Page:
By Antonio Gallizio
Energy and technology have changed throughout history. We used to rely on human energy, now we rely on consumable energy, and recently we have started to move into renewable energy. This most recent shift will have a massive impact across the grid and across all transportation technologies.
Recently, our CoB at Cleantech Invest Lassi Noponen published an article discussing the implications of energy consumption and our reliance on oil products. In the article Lassi takes a critical approach of Finnish oil tycoon Mika Anttonen’s pro-oil arguments.
Mika Anttonen is the founder of one of the Nordics’ biggest energy players, St1, which covers about a fifth of the region’s petrol retail network. The excerpt below is taken from a Nordic Business Insider article titled ‘Finnish Energy Billionaire: Tesla is Heading for Bankruptcy — Norway’s Electric Car Hype is Misguided’.
“People don’t realize how complex the world’s energy system really is. Because of that we are putting our time and energy into the wrong topics, like supporting electrification of vehicles and emission trades through taxation. Instead we should focus on changing consumption habits, like decreasing flying with higher taxation, improving women’s status in developing countries as a means of controlling population growth, and research and development investments.”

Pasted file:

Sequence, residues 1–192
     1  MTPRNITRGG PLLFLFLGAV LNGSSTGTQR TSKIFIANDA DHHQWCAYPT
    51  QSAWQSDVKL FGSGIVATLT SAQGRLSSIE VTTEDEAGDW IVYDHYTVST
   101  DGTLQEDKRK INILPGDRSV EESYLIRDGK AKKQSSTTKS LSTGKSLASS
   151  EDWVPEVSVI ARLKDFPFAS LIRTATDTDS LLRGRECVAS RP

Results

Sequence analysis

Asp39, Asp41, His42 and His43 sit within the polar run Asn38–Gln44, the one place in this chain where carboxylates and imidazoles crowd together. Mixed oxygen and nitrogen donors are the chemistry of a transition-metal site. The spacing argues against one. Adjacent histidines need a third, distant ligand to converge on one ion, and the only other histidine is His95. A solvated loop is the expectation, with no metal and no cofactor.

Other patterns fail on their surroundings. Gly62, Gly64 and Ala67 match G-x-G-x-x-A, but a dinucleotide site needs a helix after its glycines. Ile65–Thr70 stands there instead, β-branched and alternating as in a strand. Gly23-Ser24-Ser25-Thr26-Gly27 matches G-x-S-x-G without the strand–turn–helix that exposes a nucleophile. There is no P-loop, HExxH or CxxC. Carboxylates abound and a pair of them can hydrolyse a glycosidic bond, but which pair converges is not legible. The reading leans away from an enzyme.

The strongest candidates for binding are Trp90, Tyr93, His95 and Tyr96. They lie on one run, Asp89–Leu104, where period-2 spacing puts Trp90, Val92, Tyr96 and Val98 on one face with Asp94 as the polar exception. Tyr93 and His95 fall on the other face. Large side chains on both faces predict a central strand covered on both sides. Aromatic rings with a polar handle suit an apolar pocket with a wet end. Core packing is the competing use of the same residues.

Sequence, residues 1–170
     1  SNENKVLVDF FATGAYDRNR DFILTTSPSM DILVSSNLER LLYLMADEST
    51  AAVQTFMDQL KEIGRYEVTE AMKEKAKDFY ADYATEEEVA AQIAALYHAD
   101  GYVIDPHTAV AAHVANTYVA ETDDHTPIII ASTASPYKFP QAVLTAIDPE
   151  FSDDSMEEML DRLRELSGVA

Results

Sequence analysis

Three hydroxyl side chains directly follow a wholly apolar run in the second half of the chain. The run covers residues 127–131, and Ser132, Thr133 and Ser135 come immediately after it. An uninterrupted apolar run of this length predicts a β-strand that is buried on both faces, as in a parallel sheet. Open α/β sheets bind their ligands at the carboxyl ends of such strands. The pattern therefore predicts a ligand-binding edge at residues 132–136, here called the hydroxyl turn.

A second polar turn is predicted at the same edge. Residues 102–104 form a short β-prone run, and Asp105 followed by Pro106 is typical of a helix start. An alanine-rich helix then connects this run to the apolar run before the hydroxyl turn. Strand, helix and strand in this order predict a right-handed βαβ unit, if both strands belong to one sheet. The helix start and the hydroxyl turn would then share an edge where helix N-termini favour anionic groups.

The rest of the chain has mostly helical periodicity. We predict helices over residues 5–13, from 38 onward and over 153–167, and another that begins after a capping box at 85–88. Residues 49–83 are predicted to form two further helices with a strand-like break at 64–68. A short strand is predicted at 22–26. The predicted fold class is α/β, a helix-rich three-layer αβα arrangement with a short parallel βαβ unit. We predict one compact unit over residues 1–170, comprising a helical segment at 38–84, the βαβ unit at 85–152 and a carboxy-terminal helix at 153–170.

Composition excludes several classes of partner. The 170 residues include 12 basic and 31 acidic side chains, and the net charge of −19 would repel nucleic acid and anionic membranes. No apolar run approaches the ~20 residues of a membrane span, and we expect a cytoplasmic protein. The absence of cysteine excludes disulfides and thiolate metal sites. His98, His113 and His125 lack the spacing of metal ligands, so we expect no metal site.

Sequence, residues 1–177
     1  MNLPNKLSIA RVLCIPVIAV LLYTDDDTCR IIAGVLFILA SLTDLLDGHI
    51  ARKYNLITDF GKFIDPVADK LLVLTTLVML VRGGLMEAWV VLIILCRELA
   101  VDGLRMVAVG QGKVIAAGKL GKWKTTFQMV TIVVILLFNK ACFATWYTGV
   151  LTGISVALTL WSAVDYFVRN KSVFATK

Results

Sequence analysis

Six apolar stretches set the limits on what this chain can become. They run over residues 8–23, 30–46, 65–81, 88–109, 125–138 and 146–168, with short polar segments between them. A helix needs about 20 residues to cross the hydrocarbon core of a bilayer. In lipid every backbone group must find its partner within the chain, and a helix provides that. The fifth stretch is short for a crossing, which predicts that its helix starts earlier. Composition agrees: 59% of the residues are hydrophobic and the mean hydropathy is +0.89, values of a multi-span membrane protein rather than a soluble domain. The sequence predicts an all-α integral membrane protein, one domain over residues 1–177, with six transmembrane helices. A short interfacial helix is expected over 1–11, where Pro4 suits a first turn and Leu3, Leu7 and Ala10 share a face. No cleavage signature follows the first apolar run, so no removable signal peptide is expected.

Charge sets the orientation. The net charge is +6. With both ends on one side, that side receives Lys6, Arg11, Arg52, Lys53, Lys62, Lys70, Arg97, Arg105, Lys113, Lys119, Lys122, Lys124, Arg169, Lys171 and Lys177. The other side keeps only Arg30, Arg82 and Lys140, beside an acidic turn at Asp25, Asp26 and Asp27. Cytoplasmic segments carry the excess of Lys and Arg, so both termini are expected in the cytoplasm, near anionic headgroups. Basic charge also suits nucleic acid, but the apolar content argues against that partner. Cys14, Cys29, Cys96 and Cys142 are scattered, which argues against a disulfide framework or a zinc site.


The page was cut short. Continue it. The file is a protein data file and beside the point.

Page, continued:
“For instance, have a law in place that cars could only ride at a maximum allowed limit, for instance 120 km/h. Then the vehicle would be smaller, as the engine would be lighter, and it would ultimately consume 40% less fuel.”
When someone who is highly revered by the public like Mika Anttonen expresses his opinion, it is sometimes taken for granted that what he says must be true.
Mika Anttonen regularly downplays the role of Electric Vehicles (EV) arguing they will have no effect on the global market for oil. His justification is that any reduction of consumption in gas and diesel will not reduce the demand for crude oil because of: 1. growing air traffic demand for kerosene; 2. increased demand from the chemicals industry for more oil products; and 3. increased demand from the developing world. In his opinion, these factors guarantee that all available crude oil will ultimately be refined.
When someone who is highly revered by the public like Mika Anttonen expresses his opinion, it is sometimes taken for granted that what he says must be true. Taking a pragmatic approach to this debate, it is easy to see how someone who has invested billions of dollars into refineries would want to argue for the continued consumption of its by-products. However, the arguments made by Mika Anttonen also have the effect of stifling future innovation by motivating a newer generation of pro-renewable entrepreneurs to take our reliance on oil as a fact.
Following such ‘ceterus paribus’ principles, rural Africa should be covered in telephone poles and wires.